Pediatric Surgery International

, Volume 22, Issue 2, pp 164–168

Management of hepatobiliary and pancreatic ascariasis in children of an endemic area

Original Article

Abstract

Ascariasis is the most common parasitic infestation in endemic areas and accounts for 50–60% of pediatric admissions in the surgical emergency department. Hepatobiliary and pancreatic ascariasis accounts for about 10% of such admissions. The present study was undertaken to evaluate the clinical features, investigations, and management of hepatobiliary and pancreatic ascariasis. The study was conducted in the endemic areas of Kashmir in northern India over a period of 3 years. During the study period (May 2001 to April 2004), 214 children with hepatobiliary and pancreatic ascariasis were admitted in the department. These children underwent complete clinical evaluation, investigation including ultrasound, and ERCP when required. Surgical intervention was done in patients who failed to settle with medical treatment. Ninety percent of our admissions were from rural areas and 86% of the children presented with pain in the right hypochondrium. Twenty-two percent of patients presented with cholangitis, whereas 39% of the children had mild icterus at presentation. Thirty-eight percent of the children had vomited worms during the episode of illness. Ultrasound was the diagnostic method of choice, which revealed the worms in the CBD in 80% of the patients, and in gall bladder in 16% of the children. Eight patients had worms in the main pancreatic duct while seven (4%) had multiple small liver abscesses. Serum alkaline phosphatase was raised in majority of children (80%). Twenty (9%) children were referred for ERCP. Medical treatment including endoscopic management was successful in 97% of the children. Seven (4%) children had to be operated upon due to complications of the disease. We conclude that the majority of the children with hepatobiliary and pancreatic ascariasis respond to conservative treatment, and surgical treatment is rarely needed.

Keywords

Hepatobiliary Pancreatic ascariasis Children management 

References

  1. 1.
    Hardman JG, Limbird LE, Gilman AG (eds) (2002) Goodman and Gilman’s the pharmacological basis of therapeutics, 10th edn. McGraw-Hill, New York, pp 1122–1137Google Scholar
  2. 2.
    Khuroo MS (1996) Ascariasis. Gastroenterol Clin North Am 25(3):553–577PubMedCrossRefGoogle Scholar
  3. 3.
    Beckingham IJ, Cullis S, Krige J, Bornman P, Terblanche J (1998) Management of hepatobiliary and pancreatic ascariasis infestation in adults after failed medical treatment. B J Surg (selected papers from BJS) 85(7):907–910Google Scholar
  4. 4.
    Rode H, Cullis S, Millar A, Cremin B, Cywes S (1990) Abdominal complications of ascaris lumbricoides in children. Pediatr Surg Int 5:397–401CrossRefGoogle Scholar
  5. 5.
    Khuroo MS, Zargar SA, Mahajan R (1990) Hepatobiliary and pancreatic ascariasis in India. Lancet 335:1503–1506PubMedCrossRefGoogle Scholar
  6. 6.
    Khuroo MS, Mahajan R, Zargar SA, Javid G, Sapru S (1989) Prevalence of biliary tract disease in India: a sonographic study in adult population in India. Gut 30:201–205PubMedCrossRefGoogle Scholar
  7. 7.
    Pawlowski ZS (1990) Ascariaisis. In: Warran KS, Mahmoud AAF (eds) Tropical and geographical medicine, 2nd edn. McGraw-Hill, New York, p 369Google Scholar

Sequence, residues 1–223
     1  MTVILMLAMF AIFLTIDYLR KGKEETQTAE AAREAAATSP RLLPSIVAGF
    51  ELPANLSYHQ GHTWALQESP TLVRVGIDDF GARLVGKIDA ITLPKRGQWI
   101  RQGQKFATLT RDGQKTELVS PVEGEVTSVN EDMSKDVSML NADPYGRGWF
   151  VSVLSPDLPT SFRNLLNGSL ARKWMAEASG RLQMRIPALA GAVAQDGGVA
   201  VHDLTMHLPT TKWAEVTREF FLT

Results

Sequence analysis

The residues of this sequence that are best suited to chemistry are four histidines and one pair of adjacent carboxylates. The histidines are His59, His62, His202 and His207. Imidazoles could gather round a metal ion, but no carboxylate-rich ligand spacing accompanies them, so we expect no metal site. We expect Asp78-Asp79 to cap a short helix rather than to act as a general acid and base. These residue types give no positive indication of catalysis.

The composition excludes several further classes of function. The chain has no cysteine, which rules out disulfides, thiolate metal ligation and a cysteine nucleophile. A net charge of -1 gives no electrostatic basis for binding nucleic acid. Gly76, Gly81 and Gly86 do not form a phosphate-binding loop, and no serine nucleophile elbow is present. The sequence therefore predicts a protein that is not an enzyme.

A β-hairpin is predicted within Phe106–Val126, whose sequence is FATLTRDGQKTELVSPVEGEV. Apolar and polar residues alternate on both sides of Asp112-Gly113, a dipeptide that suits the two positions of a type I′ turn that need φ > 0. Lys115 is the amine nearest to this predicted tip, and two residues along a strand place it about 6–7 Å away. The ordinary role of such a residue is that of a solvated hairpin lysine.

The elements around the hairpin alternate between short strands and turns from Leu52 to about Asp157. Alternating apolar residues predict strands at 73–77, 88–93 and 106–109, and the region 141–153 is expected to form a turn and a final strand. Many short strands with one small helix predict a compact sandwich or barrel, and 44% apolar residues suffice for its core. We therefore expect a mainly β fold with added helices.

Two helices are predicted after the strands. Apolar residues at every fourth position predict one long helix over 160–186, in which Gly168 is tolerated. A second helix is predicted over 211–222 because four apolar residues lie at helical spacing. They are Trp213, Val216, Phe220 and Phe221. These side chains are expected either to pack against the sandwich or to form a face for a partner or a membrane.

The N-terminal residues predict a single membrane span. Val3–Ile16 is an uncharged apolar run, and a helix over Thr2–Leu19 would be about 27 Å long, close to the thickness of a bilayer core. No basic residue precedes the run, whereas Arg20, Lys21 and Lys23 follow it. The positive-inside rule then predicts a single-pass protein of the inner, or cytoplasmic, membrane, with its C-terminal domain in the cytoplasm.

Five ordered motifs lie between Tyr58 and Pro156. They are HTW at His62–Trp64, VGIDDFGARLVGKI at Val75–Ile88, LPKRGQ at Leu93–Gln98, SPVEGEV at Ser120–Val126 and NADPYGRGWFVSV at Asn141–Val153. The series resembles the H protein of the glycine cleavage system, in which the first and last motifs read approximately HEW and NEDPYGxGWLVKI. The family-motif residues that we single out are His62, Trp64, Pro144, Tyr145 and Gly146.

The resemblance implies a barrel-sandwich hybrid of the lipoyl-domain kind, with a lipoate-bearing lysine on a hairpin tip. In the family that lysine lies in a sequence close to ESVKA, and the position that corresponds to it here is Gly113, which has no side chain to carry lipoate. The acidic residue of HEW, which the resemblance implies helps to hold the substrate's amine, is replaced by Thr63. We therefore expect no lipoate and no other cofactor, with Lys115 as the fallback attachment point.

8. 8.
    Wani NA, Chrungoo RK (1992) Biliary ascariasis: surgical aspects. World J Surg 16:976–979PubMedCrossRefGoogle Scholar
  9. 9.
    Cohen S (1980) The sluggish gallbladder of pregnancy. N Engl J Med 302:397–398PubMedCrossRefGoogle Scholar
  10. 10.
    Abe A (1970) The hormonal control and effects of drugs and ions on the electrical and mechanical activity of the uterus. In: Bulbring E, Brading A, Jones A, Tomito T (eds) Smooth muscle. Williams and Wilkins, Baltimore, pp 396–417Google Scholar
  11. 11.
    Somlyo AP, Somlyo AV (1970) Vascular smooth muscle: pharmacology of normal and hypertensive vessels. Pharmacol Rev 22:249–353PubMedGoogle Scholar
  12. 12.
    Schulze K, Christensen J (1977) Lower sphincter of the oppusum esophagus in pseudopregnancy. Gastroenterology 73:1082–1085PubMedGoogle Scholar
  13. 13.
    Fisher RS, Roberts GS, Grabowski CJ, Cohen S (1978) Inhibition of lower esophageal sphincter circular muscle by female sex hormones. Am J Physiol 234:E243–E247PubMedGoogle Scholar
  14. 14.
    Khuroo MS, Zargar SA (1985) Biliary ascariasis: a common cause of biliary and pancreatic disease in an endemic area. Gastroentrology 88:418–423Google Scholar
  15. 15.
    Sun T (1980) Ascariasis. In: Sun T (ed) Pathology and clinical features of parasitic diseases. Masson, New York, pp 115–120Google Scholar
  16. 16.
    Davies MR, Rode H (1982) Biliary ascariasis in children. Prog Pediatr Surg 15:55–74PubMedGoogle Scholar
  17. 17.
    Wright RM, Dorrough TL, Ditmore HB (1963) Ascariasis of the biliary system. Arch Surg 86:402–405PubMedGoogle Scholar
  18. 18.
    Yang SCH, Laube PL (1946) Biliary ascariasis: report of 19 cases. Ann Surg 123:299–303PubMedCrossRefGoogle Scholar
  19. 19.
    Fayez Sandouk, Samir Haffer et al (1997) Pancreatic-biliary ascariasis: experience of 300 cases. Am J Gastroenterol 92:2264–2267Google Scholar
  20. 20.
    Teo TB (1963) A study of gallstones and included worms in recurrent pyogenic cholangitis. J Path Bacteriol 86:123–129CrossRefGoogle Scholar
  21. 21.
    Khuroo MS, Zargar SA, Yatoo GN et al (1992) Ascariasis-induced acute pancreatitis. Br J Surg 79:1335PubMedCrossRefGoogle Scholar

Copyright information

© Springer-Verlag 2005

Authors and Affiliations

  • Arshad Hussain Malik
    • 1
    • 2
  • B. D. Saima
    • 1
  • M. Y. Wani
    • 1
  1. 1.Department of Paediatric SurgeryShri Maharaja Hari Singh Hospital GMCSrinagarIndia
  2. 2.SrinagarIndia

Personalised recommendations